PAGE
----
However, lest we sink all hope with these comments, there is a ray of sunshine. The House and Senate freshmen Republicans who were sent to change things have held their ground and have succeeded in changing the conversation. Instead of being able to buy votes with more pork barrel spending, this time the POTUS and the Senate majority leader were compelled to have a conversation with Speaker Boehner in the back room, all of them realizing the American people now had representation and they meant business. We sometimes forget that only a year ago the Obama administration got a $1.9 Trillion increase in the debt limit rubber-stamped through both houses of Congress without anyone even finding the story in the mainstream media because it was buried on page 10 under the fold. Why? See Obamacare -- you'll find it there.
So that's some progress on some level; some, but not enough.
What comes next? We haven't really had a comprehensive debate yet about the underlying economic issues. That has to come next, and it isn't going away until after the 2012 election, like President Obama would have preferred. He's actually going to have to defend his record as the biggest spender in the history of the Republic.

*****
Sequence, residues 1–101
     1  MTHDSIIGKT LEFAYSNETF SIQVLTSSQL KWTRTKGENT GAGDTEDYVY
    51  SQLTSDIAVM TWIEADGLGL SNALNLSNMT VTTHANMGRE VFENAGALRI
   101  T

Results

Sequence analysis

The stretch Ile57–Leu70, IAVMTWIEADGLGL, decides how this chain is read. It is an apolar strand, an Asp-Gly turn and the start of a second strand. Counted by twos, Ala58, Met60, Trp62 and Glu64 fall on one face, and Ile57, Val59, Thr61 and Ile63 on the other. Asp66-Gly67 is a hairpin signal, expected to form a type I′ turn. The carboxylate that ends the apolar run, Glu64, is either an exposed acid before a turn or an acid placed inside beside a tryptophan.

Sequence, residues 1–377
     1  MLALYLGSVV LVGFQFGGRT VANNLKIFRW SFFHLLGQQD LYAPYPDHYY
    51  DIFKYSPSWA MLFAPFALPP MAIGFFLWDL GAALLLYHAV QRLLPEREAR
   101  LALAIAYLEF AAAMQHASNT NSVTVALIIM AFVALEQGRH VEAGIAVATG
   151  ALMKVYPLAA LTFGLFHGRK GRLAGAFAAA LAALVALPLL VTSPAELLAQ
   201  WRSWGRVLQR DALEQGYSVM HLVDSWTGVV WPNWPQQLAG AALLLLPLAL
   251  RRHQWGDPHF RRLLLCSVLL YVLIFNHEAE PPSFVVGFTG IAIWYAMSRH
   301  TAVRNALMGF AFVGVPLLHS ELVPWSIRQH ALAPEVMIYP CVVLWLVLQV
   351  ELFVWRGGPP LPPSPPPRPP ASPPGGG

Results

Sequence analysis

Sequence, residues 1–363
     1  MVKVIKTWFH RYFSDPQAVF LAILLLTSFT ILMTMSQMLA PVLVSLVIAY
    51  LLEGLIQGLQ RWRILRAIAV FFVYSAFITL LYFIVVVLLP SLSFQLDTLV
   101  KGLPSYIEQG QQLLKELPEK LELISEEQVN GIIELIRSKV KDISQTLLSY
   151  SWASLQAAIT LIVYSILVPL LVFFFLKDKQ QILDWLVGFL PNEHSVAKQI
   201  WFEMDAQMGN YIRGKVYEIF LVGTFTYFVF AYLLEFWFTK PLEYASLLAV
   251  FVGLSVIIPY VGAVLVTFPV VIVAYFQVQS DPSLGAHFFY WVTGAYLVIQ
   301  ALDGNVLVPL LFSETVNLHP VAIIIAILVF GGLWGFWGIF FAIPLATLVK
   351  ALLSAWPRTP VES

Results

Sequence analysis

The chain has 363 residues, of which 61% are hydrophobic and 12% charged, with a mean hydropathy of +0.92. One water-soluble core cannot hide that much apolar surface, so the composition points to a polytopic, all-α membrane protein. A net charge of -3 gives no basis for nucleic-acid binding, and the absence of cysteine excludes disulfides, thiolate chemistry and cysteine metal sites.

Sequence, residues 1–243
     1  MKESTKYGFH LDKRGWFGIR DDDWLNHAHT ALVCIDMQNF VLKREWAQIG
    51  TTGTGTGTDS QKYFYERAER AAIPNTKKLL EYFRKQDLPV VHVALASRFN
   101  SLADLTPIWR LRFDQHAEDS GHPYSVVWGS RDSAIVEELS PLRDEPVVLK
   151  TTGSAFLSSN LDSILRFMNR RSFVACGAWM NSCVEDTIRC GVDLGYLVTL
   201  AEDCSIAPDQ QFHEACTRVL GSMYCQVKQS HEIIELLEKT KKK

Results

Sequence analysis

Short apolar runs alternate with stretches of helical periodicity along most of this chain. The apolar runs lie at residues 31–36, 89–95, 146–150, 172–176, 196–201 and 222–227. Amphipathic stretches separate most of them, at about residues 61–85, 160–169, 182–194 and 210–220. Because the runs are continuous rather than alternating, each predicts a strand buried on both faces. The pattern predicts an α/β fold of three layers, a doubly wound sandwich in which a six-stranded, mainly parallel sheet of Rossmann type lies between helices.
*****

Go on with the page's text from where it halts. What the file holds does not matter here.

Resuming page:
So what we got after all the angst over the last two months was the one thing the country can least afford -- more uncertainty. We'll lose the AAA bond rating, there's little doubt. Whether or not S&P decides to follow through on their threat of a downgrade, that fact may be the least of our financial worries. A Democrat-controlled Congress seems to believe adding a "mere" $7 trillion to our debt between now and 2020 instead of $10 trillion represents a victory for prudent budgeting. GEEZ! And even a "modest" $3-trillion trim is a theoretical number. Further, nothing can bind a 2018 Congress to follow the will of Americans expressed in 2011. That's a lot more frightening than any credit downgrade. Married with inflation that's already on the way, the impact on discretionary spending is negative for everyone.